"From Convent to Hollywood: Redefining Female and Gender Roles in the Colonial Philippines" with Dr. Vina Lanzona (University of Hawai'i at Mānoa)

 History     May 17 2019 | 2:00 PM - 3:30 PM KH 126

From Convent to Hollywood: Redefining Female and Gender Roles in the Colonial Philippines

Dr. Vina Lanzona (University of Hawai’i at Mānoa)
Friday, May 17, 2019 at 2:00 p.m.
Krieger Hall (KH) 126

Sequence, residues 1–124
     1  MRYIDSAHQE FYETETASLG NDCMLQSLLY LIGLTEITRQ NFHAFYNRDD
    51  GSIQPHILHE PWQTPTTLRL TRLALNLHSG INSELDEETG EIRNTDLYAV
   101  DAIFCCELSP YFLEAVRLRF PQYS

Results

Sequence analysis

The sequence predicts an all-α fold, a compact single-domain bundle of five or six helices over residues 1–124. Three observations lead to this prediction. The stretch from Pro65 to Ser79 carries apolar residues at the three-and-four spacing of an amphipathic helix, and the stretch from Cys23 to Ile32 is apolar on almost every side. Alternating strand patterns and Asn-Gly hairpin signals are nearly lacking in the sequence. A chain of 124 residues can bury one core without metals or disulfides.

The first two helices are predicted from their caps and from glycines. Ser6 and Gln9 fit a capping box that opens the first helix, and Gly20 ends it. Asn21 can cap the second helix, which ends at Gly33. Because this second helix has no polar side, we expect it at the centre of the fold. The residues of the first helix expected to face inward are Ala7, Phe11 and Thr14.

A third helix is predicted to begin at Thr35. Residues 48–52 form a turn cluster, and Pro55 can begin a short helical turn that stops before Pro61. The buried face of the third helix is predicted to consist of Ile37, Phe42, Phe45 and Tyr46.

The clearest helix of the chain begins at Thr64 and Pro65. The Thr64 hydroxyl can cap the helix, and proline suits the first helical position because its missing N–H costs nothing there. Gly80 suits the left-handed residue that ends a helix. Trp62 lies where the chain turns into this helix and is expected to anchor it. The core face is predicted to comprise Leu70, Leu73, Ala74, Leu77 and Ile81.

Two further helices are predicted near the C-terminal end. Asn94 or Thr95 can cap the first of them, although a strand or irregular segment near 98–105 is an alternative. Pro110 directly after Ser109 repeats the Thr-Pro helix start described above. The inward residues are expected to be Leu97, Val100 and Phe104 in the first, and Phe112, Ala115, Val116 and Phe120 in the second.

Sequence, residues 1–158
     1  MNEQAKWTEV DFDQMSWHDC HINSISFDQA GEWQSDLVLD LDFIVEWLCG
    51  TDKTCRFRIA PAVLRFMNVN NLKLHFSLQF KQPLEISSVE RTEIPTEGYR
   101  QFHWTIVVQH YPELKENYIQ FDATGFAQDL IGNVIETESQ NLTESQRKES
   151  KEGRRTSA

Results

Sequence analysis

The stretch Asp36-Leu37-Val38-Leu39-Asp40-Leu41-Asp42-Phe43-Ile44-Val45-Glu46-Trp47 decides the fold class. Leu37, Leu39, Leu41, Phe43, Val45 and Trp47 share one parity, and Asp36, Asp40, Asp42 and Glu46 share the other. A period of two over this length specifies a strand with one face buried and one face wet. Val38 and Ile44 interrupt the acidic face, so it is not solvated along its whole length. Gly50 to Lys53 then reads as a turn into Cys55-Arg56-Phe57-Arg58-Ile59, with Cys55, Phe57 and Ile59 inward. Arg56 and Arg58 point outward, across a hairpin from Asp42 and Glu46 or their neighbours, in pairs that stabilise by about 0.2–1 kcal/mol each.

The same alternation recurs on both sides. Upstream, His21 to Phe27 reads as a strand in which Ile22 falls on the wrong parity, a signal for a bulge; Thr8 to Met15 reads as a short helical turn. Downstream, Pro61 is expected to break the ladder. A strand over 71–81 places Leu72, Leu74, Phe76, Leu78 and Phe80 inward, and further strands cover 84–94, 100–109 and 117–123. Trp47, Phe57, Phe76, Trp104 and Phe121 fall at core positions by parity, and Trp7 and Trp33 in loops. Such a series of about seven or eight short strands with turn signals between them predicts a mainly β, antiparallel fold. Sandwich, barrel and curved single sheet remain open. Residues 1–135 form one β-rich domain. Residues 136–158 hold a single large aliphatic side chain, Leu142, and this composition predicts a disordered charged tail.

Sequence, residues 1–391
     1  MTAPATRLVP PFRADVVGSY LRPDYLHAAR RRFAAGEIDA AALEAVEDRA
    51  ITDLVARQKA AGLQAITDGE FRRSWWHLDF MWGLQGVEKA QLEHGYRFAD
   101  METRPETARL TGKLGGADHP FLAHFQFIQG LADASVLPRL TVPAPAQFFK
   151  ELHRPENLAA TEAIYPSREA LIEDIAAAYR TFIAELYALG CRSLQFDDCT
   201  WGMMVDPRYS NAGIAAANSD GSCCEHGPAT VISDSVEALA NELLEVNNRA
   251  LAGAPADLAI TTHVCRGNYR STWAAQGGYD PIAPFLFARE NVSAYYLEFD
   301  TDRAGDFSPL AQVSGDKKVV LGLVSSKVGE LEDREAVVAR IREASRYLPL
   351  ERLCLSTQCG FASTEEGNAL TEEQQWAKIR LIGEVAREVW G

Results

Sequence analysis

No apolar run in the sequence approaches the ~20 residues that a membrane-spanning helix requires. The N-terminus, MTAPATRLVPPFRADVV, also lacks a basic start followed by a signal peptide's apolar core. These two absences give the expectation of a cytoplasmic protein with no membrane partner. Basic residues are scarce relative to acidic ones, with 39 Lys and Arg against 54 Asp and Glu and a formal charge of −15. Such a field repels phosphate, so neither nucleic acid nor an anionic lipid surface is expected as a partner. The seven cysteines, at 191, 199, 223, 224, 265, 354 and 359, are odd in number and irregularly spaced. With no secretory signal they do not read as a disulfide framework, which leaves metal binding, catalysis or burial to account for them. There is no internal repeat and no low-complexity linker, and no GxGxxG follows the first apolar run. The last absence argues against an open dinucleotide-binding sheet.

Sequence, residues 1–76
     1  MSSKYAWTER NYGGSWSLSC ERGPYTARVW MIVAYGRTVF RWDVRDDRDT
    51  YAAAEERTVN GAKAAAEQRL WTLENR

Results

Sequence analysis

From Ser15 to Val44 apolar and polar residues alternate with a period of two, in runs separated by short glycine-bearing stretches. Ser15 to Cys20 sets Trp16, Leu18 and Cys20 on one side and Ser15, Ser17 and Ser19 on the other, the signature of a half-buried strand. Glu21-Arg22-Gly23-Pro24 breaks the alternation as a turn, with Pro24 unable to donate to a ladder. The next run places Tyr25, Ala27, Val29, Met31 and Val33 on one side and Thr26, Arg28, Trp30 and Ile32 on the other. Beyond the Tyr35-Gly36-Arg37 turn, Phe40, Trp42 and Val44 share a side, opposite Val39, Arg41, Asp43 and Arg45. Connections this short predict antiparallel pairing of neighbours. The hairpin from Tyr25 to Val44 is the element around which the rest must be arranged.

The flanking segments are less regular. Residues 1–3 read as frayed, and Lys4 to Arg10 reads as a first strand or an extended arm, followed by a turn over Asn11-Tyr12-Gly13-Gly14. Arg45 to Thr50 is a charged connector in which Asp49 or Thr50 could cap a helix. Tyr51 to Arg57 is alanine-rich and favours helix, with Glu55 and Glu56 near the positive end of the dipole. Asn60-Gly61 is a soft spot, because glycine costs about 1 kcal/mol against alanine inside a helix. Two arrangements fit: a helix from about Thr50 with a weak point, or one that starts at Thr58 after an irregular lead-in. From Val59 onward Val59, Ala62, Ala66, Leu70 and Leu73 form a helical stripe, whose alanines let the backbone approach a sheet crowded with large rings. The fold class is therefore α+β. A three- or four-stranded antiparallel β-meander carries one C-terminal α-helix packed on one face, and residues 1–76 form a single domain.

Both scholars and ordinary Filipinos usually characterize Philippine history as a story of a people who spent 300 years trapped in a convent and then shaped by Hollywood for the next 50 years. Such gendered characterizations often explain the Filipina/o's ambiguous and contrasting identities. Spanish colonization produced devout Filipina/o Catholics steeped in the virtues of charity, obedience and chastity but the glitz of Hollywood made Filipinos adventurous, daring and sexually liberated. Although referring to the Filipino sense of history and identity, such metaphors distinctly refer to women of the Philippines—as they are the ones often portrayed in history books as pious convent-bred girls who were transformed as Americanized, modernized women. This legacy of the double metaphor of the convent and Hollywood continue to misrepresent and marginalize women in Philippine history. This paper will examine and challenge the gendered origins of these metaphors in order to imagine a history of the Philippines outside of the convent and a rejection of Hollywood. It will be a history that will be produced by and for the women in the Philippines.